The Survival of the Sickest
A Medical Maverick Discovers Why We Need Disease
(Rechristened as The Surprising Connections Between Disease and Longevity in the later editions)
Dr. Sharon Moalem with Jonathan Prince
Publisher — Harper Collins, New York, NY 10022
© 2007 Sharon Moalem
The first reading of the title would make it reread it, for we think our eyes have erred in falsely reading The Survival of The Fittest as The Survival of The Sickest. Even though the book is indeed a work of non-fiction, it is written in the style that is even racier than a thriller fiction. So the authors want to ensure that your attention remains riveted to the contents of the book, from cover to cover.
The book is as much about medicine as it is about myth. Dr. Sharon Moalem, the author, posits the book that wonders why, by simultaneously asking why not. The book is presented as ‘magical medical mystery tour’ that seeks to explore how we got here, where we are heading to and can we do anything about it.
Dr. Sharon Moalem challenges to fundamentally change the way we think about our bodies, our health, and our relationship to just about every other living thing on earth. In a fresh and engaging examination of our evolutionary history, spread over around 208 pages, through the three section of the book – Introduction, Eight Chapters and The Conclusion, Dr. Moalem reveals how many of the conditions that are diseases today, have actually given our ancestors a chance in the survival sweepstakes. But the book also seeks to demonstrate just how little modern medicine really understands about human health. Through The Introduction, forcefully offers us a new way of thinking that can help all of us live longer, healthier lives.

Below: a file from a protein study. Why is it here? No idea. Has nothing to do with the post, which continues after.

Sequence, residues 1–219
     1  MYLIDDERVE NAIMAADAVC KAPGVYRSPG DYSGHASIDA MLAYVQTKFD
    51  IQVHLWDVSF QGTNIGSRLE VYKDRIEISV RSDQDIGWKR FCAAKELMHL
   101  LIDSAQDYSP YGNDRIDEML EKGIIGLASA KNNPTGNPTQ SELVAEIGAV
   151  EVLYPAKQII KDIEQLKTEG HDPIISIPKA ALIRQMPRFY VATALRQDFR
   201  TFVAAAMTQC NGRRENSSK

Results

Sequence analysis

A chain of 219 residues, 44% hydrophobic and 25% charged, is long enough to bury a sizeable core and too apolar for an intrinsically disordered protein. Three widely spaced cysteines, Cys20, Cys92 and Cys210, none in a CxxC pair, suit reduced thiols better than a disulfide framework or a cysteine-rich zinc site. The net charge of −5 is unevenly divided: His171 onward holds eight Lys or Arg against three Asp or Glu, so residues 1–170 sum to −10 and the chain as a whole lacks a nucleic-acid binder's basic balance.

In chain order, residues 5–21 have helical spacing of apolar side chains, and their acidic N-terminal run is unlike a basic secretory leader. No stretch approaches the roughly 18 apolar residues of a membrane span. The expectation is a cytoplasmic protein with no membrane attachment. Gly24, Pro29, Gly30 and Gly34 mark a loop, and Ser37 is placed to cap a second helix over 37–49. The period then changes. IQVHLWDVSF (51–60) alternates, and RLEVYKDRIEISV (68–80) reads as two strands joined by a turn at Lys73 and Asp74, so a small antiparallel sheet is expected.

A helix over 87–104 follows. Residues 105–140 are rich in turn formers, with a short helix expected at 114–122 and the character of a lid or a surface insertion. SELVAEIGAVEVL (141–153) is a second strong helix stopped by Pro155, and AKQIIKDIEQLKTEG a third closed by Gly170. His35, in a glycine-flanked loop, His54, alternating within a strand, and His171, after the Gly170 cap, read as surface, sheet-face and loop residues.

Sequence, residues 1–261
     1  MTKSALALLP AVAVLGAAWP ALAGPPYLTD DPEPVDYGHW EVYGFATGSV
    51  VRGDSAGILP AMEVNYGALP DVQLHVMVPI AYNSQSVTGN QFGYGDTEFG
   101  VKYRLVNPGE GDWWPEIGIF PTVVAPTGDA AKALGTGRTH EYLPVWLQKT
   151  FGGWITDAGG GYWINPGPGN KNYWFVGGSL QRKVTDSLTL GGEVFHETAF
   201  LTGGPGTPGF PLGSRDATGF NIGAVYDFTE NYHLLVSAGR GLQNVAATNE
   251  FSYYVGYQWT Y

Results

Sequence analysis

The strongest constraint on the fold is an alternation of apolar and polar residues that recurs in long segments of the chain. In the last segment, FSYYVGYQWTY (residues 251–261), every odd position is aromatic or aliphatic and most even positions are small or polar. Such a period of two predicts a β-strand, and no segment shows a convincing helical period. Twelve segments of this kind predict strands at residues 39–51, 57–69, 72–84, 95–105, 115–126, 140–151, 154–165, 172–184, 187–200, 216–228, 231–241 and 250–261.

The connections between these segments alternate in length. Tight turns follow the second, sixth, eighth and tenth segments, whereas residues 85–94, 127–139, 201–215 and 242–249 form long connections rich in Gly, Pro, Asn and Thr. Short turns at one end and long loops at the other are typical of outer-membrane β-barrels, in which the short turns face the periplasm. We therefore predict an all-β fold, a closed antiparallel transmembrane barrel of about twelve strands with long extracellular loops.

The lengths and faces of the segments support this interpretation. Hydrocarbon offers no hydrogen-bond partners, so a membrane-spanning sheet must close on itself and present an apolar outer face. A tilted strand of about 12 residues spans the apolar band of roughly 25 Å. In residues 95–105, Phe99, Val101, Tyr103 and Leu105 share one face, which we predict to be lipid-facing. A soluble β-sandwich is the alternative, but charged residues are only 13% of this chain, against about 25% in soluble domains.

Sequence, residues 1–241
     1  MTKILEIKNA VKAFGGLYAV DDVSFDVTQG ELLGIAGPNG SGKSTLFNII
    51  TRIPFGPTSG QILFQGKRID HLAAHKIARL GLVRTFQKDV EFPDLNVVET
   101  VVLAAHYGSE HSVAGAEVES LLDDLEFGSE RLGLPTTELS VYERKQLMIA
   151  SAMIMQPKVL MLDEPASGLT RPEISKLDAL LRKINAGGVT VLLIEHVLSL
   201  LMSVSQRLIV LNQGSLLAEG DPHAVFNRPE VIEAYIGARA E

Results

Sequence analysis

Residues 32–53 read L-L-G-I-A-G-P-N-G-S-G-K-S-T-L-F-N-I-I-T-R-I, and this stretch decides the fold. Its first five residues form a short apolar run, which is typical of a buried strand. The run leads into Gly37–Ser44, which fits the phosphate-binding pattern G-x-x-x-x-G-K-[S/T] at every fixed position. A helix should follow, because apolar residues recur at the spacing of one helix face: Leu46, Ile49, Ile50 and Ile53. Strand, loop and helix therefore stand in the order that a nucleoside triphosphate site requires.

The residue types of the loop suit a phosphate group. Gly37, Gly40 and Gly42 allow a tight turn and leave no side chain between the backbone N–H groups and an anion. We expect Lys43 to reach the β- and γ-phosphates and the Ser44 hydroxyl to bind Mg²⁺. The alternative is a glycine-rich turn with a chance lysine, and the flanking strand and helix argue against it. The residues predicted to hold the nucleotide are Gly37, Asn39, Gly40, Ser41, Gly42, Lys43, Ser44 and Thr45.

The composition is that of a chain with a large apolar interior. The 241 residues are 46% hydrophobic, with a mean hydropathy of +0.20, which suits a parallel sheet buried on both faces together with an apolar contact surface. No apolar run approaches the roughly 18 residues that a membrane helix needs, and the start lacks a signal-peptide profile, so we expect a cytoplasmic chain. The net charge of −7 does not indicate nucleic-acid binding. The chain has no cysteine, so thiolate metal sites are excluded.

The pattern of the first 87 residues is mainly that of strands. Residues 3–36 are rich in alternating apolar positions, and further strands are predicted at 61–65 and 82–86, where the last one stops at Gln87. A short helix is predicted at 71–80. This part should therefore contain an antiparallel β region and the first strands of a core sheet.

The eight chapters, each dealing with a separate disease or a hereditary disorder, examine in detail the basic proposition of the book – ‘Evolution likes genetic traits that help us survive and reproduce -it doesn’t like traits that weaken us or threaten our health. That preference for genes that gives us a survival or reproductive advantage is called natural selection’. In other words, ‘if a gene produces a trait that makes an organism less likely to survive and reproduce, that gene won’t get passed on, at least not for very long.
However, this detailed tour comes with a few covenants that requires us to discard a few preconceptions –
- We are not alone. We are always in the constant company of thousands of bacteria, insects, fungi and what not.
- Evolution does not occur in its own. Every single living organism is heard-wired to survive and reproduce. Evolution occurs when the organisms try to improve the odds to survive and to reproduce. Some times evolution in one organism may mean death to other organism – like the spread of COVID at the expense of it carrier human beings. This can unleash a chain of cascading wave of evolution in hundreds or thousands of other species.
- An organism’s interaction with another organism is not the only influence on their evolution; their interaction with the planet also plays equally important role.
A briefest review of the contents of the eight chapters in a book review by a layman, for the laymen, would be not only be incongruous but also will be inadequate. So here is a list of each of the chapter titles and the topics covered in the chapter –